concrete panels


JATA Logistics + Auxiliary | José Miguel García Pérez

This Logistics and Auxiliary Services centre was designed for JATA, a manufacturer of household appliances. Designed by José Miguel García Pérez, the new centre houses production lines, a laboratory, and administrative areas. The building was designed to reflect the philosophy of the forward-thinking appliance brand.

The façade is decorated with a repetitive pattern of concrete panels and glass windows. The angled forms add visual interest to the exterior while providing a perfect plane for the sun to hit. Upon entry, one is greeted by a double height space with a unique grand staircase. The white staircase is the centrepiece of the room and provides a nice contrast to the strict shapes of the façade. The interior spaces are all naturally illuminated by skylights and the openings in the exterior structure.

It is not often you see a structure of such architectural value housing manufacturing services. This space establishes the brand as one that cares about beauty as much as their bottom line.

anonymous asked:

does matt murdock really have a lot of girlfriends? im not familiar with the comics im sorry

   Matt is almost always dating someone. He is gifted/cursed with the romantic double-whammy of being very attractive and falling in love easily, and so usually doesn’t stay single for long. Below is a quick summary of everyone he has dated (based on our definition of the term). We’ll let you be the judge of whether or not it constitutes “a lot”.

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“The Miami Design District offers a tremendously exciting home for TOM FORD. Architecturally, it has become one of the most exciting and vibrant places in the world and I am thrilled to open my sixth US store there.” - Tom Ford

The store’s location in a vanguard architectural building epitomizes the dynamic spirit of the Miami Design District, with its cutting–edge convergence of art, design and fashion. Designed by architects Aranda/Lasch, the building is notable for its “pleated” surface of geometric, glass-fiber-reinforced-concrete panels and angular, recessed storefronts. Inside, visitors discover the environment of soft modernism and timeless luxury that is the signature of TOM FORD stores worldwide.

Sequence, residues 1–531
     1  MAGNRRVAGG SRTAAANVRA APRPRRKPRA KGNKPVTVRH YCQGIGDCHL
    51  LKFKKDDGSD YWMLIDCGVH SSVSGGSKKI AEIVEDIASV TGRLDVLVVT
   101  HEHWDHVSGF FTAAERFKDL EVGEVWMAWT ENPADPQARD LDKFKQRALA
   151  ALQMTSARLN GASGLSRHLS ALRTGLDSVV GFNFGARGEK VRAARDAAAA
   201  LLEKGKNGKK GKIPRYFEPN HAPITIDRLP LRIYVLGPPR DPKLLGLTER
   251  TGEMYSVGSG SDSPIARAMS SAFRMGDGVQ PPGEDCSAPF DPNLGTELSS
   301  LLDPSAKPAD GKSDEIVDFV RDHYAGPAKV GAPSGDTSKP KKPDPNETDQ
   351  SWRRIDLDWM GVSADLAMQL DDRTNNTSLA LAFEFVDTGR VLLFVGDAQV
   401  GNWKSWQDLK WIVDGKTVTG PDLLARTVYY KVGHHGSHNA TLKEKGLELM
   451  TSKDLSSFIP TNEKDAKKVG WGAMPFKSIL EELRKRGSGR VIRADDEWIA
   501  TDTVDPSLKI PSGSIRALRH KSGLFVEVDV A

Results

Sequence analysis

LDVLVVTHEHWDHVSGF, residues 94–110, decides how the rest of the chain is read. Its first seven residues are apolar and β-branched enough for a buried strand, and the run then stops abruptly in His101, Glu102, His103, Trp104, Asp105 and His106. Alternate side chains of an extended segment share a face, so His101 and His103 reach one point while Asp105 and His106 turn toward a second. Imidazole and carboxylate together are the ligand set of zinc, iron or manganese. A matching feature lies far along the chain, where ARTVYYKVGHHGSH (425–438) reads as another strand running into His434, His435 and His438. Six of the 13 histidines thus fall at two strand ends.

The Khaleesi

A 102-story residential building with sweeping views of central park and the new york city skyline. Each unit has its own unique figurally carved façade and balconies that frame particular features of the surrounding urban and natural landscapes. The building is draped in a façade of limestone-tinted concrete panels with hydroformed sheet-bronze details and brass-tinted alloy structural extrusion enclosures. 

The 64th floor features a sky-lobby with exclusive retail stores, a 2-story high ballroom for events, and a 4-star restaurant all of which have access to four massive cantilevered balconies that offer an awe-inspiring event and dining experience unique to the city of new york. 

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Architect:  Mark Foster Gage


Building the Sydney Opera House 1957 - 1973 | Via

“The Opera House could become the world’s foremost contemporary masterpiece if Utzon is given his head.”

- Ove Arup, Engineer   

The goal: a multi-purpose venue with a hall large enough for 3,000 people, and a smaller hall for 1,200. New South Wales Premier Joseph Cahill opened the design competition for a Syndey opera, ballet and lecture house in 1955.

The international competition attracted 233 entries — only the question of cost was not considered.

Danish architect Jørn Utzon was announced as the winner. (His designs were reputedly rescued from a pile of rejected submissions.)

Utzon’s innovative, modern plan was based on the Expressionist movement, a utopian form of architecture which flowered in post-WWI Germany. The now-famous roof featured precast concrete panels loosely referred to as “shells,“ covered by ceramic tiles. But as Utzon had not specified the precise shape, the suggested methods for casting them proved problematic.

As the project proceeded, tensions grew. After the government rushed into the project to retain funds, it elected Robert Askin in 1965, a prominent critic of the opera house, as new Premier of New South Wales.

It didn’t help that the venue’s financial burden was growing. Several late modifications to the layout added to already ballooning costs.

Fed up with the new government’s lack of cooperation and unable to pay his staff, Utzon resigned from the project in 1966. There were demonstrations calling for his restoration, but another architect, Peter Hall, took over.

Ten years late and an estimated 1,457% over budget, the project was completed. The Opera house was formally opened by Queen Elizabeth II on Oct. 20, 1973.

Utzon was not invited, and his name was not mentioned.


Incredible images from the recently completed Learning Hub at the Nanyang Technological University, in Singapore, designed by Heatherwick Studio and CPG Consultants. The building is formed of 12 concrete towers with curved concrete panels and irregular horizontal stripes that were created using 10 adjustable silicone moulds.

Heatherwick said, ‘The Learning Hub is a collection of handmade concrete towers surrounding a central space that brings everyone together, interspersed with nooks, balconies and gardens for informal collaborative learning,’


Headlines immortalized on an Los Angeles sidewalk

Leon Rudek loved his newspaper job so much that he constructed a sidewalk in front of his house out of front pages.

So begins the story of the late L.A. Times whose mastery of the processes behind the production of newsprint propelled him to place front page plates along a homemade sidewalk.

Read reporter Bob Pool’s entire story about Rudek’s artistic dedication to the news here.

Photos: Gary Friedman / Los Angeles Times